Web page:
The main question I had was whether these heroes would feel unique and balanced enough. I was really surprised at how distinctive each character felt and how deep their abilities truly were. Although each character has only four abilities outside of their normal attacks, these are far deeper than first meets the eye. There are intricacies to each ability that players would be wise to learn. Some of these intricacies I only learned by mistake, for instance, the character called D.Va has a boost ability that I only later realized was not just handy for evading enemies but could also damage them when boosting into them. Another of these examples is when I realized that Tracer could use her Recall ability (ability to reverse time) in order to travel through destroyed teleporter placed by Symmetra. Granted she had to pass through it the first time while it was still in one piece. It’s these intricacies that you discover while playing that makes Overwatch feel so exceptional. Although it can sometimes feel that some of the heroes might be overpowered, I always found a way to level the playing field after some experimentation with various heroes and abilities. Being able to switch characters while playing a match is a welcome mechanic in Overwatch, and helps players change their strategy on the fly. As someone who doesn’t play online shooters that much it was really great to be able to try out a hero and then change to another until I found one that matched my play style.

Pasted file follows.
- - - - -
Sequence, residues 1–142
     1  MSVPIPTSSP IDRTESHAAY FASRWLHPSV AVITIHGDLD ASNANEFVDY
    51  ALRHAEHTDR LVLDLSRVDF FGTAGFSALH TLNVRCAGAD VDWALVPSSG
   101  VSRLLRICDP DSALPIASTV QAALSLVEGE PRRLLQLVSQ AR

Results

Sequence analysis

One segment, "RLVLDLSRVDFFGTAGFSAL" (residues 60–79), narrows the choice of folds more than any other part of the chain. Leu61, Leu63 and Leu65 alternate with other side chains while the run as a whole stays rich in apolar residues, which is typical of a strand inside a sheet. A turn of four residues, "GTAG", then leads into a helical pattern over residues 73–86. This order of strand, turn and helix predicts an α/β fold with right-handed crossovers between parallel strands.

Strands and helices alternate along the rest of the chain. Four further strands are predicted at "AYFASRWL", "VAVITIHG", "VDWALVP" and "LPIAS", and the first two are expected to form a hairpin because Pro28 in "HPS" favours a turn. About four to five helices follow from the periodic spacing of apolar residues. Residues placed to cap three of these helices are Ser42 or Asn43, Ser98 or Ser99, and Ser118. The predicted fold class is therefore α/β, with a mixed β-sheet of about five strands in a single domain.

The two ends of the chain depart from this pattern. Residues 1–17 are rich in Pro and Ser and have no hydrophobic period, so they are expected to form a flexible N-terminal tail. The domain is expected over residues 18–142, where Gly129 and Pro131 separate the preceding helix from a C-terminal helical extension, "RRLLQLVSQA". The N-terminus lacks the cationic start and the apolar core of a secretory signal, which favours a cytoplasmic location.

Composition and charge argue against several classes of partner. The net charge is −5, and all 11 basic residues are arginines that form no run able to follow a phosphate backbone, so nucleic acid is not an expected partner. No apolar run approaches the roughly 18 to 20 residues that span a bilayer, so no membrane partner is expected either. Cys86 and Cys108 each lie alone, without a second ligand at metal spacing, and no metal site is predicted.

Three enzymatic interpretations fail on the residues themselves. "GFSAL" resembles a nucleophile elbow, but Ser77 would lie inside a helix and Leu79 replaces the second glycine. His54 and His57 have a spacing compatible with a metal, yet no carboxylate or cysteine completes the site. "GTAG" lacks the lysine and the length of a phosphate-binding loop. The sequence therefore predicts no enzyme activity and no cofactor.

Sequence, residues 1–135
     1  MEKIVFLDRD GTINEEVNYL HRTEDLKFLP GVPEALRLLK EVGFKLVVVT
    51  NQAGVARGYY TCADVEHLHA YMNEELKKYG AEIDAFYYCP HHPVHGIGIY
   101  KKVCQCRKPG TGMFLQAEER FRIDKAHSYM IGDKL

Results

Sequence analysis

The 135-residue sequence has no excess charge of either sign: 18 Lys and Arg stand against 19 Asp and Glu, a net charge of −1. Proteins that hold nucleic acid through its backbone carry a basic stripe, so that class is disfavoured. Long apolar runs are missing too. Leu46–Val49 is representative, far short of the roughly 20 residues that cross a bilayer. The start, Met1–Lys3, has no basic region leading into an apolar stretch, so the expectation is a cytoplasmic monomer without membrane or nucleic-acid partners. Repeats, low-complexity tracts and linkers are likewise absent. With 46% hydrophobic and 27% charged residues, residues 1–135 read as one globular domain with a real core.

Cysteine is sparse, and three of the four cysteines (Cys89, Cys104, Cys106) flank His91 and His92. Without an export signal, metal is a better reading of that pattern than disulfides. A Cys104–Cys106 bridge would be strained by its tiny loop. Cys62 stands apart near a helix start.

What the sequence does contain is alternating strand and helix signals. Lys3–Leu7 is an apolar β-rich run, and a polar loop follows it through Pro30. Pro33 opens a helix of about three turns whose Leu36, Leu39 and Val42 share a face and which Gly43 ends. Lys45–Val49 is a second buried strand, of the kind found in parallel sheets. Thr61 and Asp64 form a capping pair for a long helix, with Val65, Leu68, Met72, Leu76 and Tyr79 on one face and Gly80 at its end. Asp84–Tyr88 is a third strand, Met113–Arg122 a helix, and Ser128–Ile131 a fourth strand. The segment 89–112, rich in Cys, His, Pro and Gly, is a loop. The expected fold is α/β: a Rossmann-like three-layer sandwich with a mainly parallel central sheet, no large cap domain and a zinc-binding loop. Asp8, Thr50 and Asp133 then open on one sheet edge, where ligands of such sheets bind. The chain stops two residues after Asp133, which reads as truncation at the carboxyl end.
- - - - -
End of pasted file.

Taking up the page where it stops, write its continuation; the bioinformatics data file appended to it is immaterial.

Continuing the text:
[pullquote]I would do the game an injustice if I didn’t mention how good it looks.[/pullquote]
I also found that each hero was easy enough to learn even for a beginner like myself, sure there are some that are more difficult to master but overall, I found that I was able to score a few kills even with heroes I didn’t normally play with. In the end deciding which character to use has less to do with who you want to play with and more with what abilities you team needs. Getting your team balanced to suit the current situation you are in becomes quite crucial. Those times when I found myself on the losing side it was mostly due to our team not working together or not being balanced enough, for instance when the whole team decided to choose Bastion as their hero. It was in these moments when I found myself on the losing side that I realized the real secret behind Overwatch, it was fun no matter what the outcome of a match was. Sure I had played some really frustrating matches, but that never detracted from the joy that I experienced while playing.
I would do the game an injustice if I didn’t mention how good it looks. It’s Saturday morning cartoon/Pixar art direction is something special, this along with the colorful cast of heroes and of course the colorful maps makes Overwatch stand out in the sea of grey and gritty shooters that have been flooding the market.
In the end, I found myself truly enjoying this game. With its addicting gameplay, deep hero abilities and fast paced action, Overwatch is a game that I will be playing for a very long time.